...in purgatory the souls of those..."who had not made satisfaction with adequate penance for their sins and omissions" are cleansed after death with punishments designedto purge away their debt (ID chp 1:2).
On the contrary, believers sing with profound thankfulness of that which the Bible tells us over and over again—Christ's sacrifice: "He paid a debt He did not owe, I owed a debt I could not pay...." God's Word declares that "Neither is there salvation in any other: for there is none other name under heaven given among men, whereby we must be saved" (Acts:4:12). Only the blood of Jesus Christ, i.e., His death, can cleanse us from sin (1 Jn:1:7). Roman Catholicism clearly preaches another gospel condemned by Paul (Gal:1:6-9).
Some may be thinking, "Why does TBC spend so much time telling us something that is so obvious?" The primary reason is that those who see the obvious are a rapidly decreasing minority. The majority of evangelicals are simply following their leaders toward Rome. Nearly all the highly visible Christian personalities and parachurch organizations are either blind to Catholicism's false salvation, or, for their own reasons or agendas (regarding which I hope our readers will inquire of them), they choose to dismiss this critical matter of the eternal destiny of a vast number of souls. They get very upset when we state that the Roman Catholic Church is an enemy of the gospel. What other term should we use? The clear denunciation of the biblical gospel by the Council of Trent, with its more than 100 anathemas (in addition to the four listed above), and reaffirmed by the Second Vatican Council of the 1960s, comes from the highest Roman Catholic authority.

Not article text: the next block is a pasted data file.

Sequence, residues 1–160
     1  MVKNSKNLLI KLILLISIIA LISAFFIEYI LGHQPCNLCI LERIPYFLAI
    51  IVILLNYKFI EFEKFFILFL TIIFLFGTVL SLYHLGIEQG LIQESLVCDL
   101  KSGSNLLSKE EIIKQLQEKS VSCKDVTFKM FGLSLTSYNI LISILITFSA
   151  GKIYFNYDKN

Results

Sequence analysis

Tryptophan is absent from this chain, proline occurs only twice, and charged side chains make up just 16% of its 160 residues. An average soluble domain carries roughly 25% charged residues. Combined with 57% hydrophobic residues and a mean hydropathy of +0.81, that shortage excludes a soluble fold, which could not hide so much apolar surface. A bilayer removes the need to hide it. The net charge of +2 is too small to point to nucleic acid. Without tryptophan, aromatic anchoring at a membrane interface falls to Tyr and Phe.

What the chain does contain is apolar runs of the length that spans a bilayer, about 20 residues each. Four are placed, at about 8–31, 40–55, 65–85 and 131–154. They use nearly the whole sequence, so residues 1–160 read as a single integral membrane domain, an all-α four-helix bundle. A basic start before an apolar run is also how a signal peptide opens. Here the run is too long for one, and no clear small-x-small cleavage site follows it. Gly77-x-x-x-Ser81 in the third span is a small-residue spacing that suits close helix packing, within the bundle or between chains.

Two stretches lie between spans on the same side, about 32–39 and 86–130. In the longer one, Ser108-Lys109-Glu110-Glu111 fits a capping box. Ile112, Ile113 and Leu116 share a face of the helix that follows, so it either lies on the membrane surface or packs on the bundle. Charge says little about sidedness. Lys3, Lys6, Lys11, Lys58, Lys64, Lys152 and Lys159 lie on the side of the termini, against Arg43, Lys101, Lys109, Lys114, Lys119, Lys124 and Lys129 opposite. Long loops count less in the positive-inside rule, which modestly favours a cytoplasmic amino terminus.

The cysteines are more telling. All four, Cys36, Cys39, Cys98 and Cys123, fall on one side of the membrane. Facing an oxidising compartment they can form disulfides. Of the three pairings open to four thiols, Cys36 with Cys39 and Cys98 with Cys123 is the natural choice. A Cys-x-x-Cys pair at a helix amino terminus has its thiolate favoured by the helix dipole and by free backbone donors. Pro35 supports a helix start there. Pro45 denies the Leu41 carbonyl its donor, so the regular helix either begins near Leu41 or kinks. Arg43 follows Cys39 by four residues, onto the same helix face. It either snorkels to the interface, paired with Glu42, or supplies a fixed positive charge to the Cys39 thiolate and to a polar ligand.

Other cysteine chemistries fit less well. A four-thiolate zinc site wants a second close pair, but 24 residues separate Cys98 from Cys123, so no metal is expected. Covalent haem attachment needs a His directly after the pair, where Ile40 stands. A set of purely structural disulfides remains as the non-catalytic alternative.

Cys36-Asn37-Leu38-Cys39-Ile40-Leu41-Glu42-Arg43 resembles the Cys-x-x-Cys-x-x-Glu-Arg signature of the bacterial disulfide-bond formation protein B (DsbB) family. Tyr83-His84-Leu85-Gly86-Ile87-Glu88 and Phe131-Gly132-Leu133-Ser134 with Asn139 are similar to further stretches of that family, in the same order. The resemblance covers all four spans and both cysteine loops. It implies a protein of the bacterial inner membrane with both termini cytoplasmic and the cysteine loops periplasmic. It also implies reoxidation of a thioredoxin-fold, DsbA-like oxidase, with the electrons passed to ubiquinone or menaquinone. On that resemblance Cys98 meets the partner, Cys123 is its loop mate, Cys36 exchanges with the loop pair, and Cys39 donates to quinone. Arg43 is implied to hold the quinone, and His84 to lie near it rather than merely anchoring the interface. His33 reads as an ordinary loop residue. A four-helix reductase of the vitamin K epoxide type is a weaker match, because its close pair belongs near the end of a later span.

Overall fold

So why would those who claim to be evangelicals, and whose ministries seem to be effective for God's kingdom, compromise with a Church which is the enemy of the gospel? Why would a host of evangelical leaders (Bill Bright, Chuck Colson, Pat Robertson, J. I. Packer, Max Lucado, Os Guiness, Timothy George and others) sign an agreement calling Catholics "brothers and sisters in Christ" and agreeing not to evangelize them?
Why would James Dobson accept an honorary degree from Catholic Franciscan University? Or why would Regent University, founded by Pat Robertson, allow a Catholic bishop to say Mass on campus, or the school's president declare that his goal was "to make room for all of the historic Christian traditions, both Protestant and Catholic"?
Why would Billy Graham say in 1952, "Many of the people who have reached a decision for Christ at our meetings have joined the Catholic Church, and we have received commendations from Catholic publications for the revived interest in their church following one of our campaigns" (Pittsburgh Sun-Telegraph 9/6/52)? And add, 25 years later, "I've found that my beliefs are essentially the same as those of Orthodox Roman Catholics....We only differ on some matters of later Church tradition" (McCall's 1/78)?
How is it that more than 70 percent of the chaplains for Prison Fellowship are Roman Catholic? Why did Chuck Colson, a co-developer with Catholic priest Richard John Neuhaus of the"Evangelicals and Catholics Together" accord, recently turn over the reins of Prison Fellowship to Michael Timmis, a practicing Roman Catholic—and why is Timmis a Promise Keeper board member?
Dallas Theological Seminary's leadership conference for evangelical pastors and seminarians is being held this month. Why would they have as a keynote speaker William Bennett, a founding director of Catholic Campaign for America, which has the following mission statement: "We are a lay Catholic movement to energize and mobilize Catholics to renew their faith and, through that renewal, to help transform American public policy, culture, and society"?
Why would Hank Hanegraaff, president of the evangelical apologetics organization Christian Research Institute, and host of "The Bible Answer Man" radio program, claim that Roman Catholicism is "foundationally Christian"?
The cries we hear from both Catholics and evangelicals are that TBC is living in the "dark ages," or that we have a "Reformation hangup," or aren't we aware that Vatican II has redirected the Roman Catholic Church along biblical lines? If their concerns are valid, we need to acknowledge it; if however such critics are mistaken, that should be exposed.
We will explore this aspect of the evangelical rush toward Rome further in the November issue. TBC